Consumers are borrowing more again, but retail sales data just are not at all supporting the notion that we are in a hot runaway economy. There also has been an argument that housing has to be strong for a good economy.
Housing data by and large remains mixed, despite the rising prices that have been seen for average houses in certain parts of the country. Also, the April housing starts gain of 20.2% was over the prior month at 1.13 million annualized, while the gain from a year ago was actually 9.2%. New permits were up by a lesser amount of 6.4% from a year earlier. The latest strength in housing starts was a post-recession high, but this is still barely half of the pre-recession peak — and it still only meets the lower points in housing starts of the 1980s and 1990s.
Freddie Mac said in its 2015 outlook that it was low mortgage rates that have helped to keep homebuyer affordability strong in the face of rising house prices. Housing remains extremely sensitive to interest rates. Each time mortgage rates rise even 0.5% or are feared to rise 1.0%, the media shows over and over how it affects housing affordability and how it can stress the ability for borrowers to get mortgages. It does not seem to matter that many of us remember having mortgage rates of 6% or 8% in years past, let alone in the double-digits in the 1980s.
Retail sales were flat in April, following a 1.1% gain in March. Even if the argument that first quarter GDP is undercounted, a weak reading in April retail sales got the second quarter off to a bad start. Even if you back out autos and gasoline, the retail sales figure from Census was up a mere 0.1%. Americans are spending more at non-store retailers, and their spending is up selectively at other sectors – but not furniture, electronics, department stores and grocery stores.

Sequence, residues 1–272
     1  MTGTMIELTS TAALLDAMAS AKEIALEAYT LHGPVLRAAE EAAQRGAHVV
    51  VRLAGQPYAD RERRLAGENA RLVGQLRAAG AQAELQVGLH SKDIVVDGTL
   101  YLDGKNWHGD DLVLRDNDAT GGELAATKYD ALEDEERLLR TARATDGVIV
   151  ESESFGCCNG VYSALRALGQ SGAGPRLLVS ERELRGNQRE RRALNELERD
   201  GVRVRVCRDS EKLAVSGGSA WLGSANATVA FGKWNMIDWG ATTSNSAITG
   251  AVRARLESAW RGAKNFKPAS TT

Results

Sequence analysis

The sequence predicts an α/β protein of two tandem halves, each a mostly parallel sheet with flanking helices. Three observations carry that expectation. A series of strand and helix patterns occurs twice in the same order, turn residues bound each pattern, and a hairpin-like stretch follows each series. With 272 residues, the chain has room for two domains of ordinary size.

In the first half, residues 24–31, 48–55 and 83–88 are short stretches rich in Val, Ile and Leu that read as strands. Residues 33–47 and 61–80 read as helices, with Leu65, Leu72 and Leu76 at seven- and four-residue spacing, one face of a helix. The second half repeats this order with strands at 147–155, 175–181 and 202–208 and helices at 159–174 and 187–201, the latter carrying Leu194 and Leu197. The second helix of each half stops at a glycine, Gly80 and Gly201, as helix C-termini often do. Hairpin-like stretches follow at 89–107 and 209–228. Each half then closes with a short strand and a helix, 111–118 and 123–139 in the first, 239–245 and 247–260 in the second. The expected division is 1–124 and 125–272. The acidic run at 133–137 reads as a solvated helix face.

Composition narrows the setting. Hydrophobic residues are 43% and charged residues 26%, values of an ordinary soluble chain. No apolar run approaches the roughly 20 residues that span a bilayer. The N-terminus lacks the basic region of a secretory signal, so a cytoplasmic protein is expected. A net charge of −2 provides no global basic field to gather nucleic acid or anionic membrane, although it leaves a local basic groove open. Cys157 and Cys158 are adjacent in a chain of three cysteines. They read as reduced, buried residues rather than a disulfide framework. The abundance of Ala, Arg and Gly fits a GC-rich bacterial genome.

Again, consumer spending is said to account for about 70% of U.S. GDP. If retail sales remain weak and if consumers are more interested in saving their $750 per household annual pay raise from lower oil prices (or using it to pay down debt), it does not bode well for the argument that consumers will bail out the economy right now. Personal savings in the first quarter of 2015 was the highest since the fourth quarter of 2012.
Industrial production in April was down again with a reading of -0.3%, when economists were looking for a meager 0.1% gain. While March was revised to -0.3% from -0.6%, what stands out here is that April marked the fifth consecutive month in which industrial production has been in decline. The culprits are mining, which of course includes oil, as well as output from utilities and stagnant manufacturing.
What really hurts here is that the last real growth in industrial output was in November. Sure, you can blame the strong dollar creating weak exports. But international markets remain weak. Manufacturing output’s only recent gaining month was in March. Output from utilities was -1.3% in April, and mining was negative for the fourth month in a row at -0.8%. A lot can explain this, but at the end of the day enough excuses and exceptional situations just make for a weak economy.
10. The World Is Awash in Unused Capacity
When politicians and economic pundits point out over and over that companies just will not hire or will not build new plants and factories to build for the future, there is another side to this argument, and it is around capacity utilization. Some of the argument can be tied to ongoing demand issues. But when companies have unused capacity, which they really do, what is their impetus to go make big hires and big capital spending projects? The world is awash in excess and unused capacity.
With lower industrial production, capacity fell again in April with a reading of 78.2%, versus 78.6% and well under that elusive benchmark of 80.0%. A long-term chart from FRED (below) shows that the closest utilization got to 80.0% post-recession was last November’s 79.8%. It has been in steady decline since.
Politicians and the public can criticize companies all they want about returning capital to shareholders, but until capacity exceeds 80% there is no real point in expecting big capital spending. Capacity was above 80% for most of the 2005 to 2008 period, and it was almost never below 80% from 1992 to just after 2000.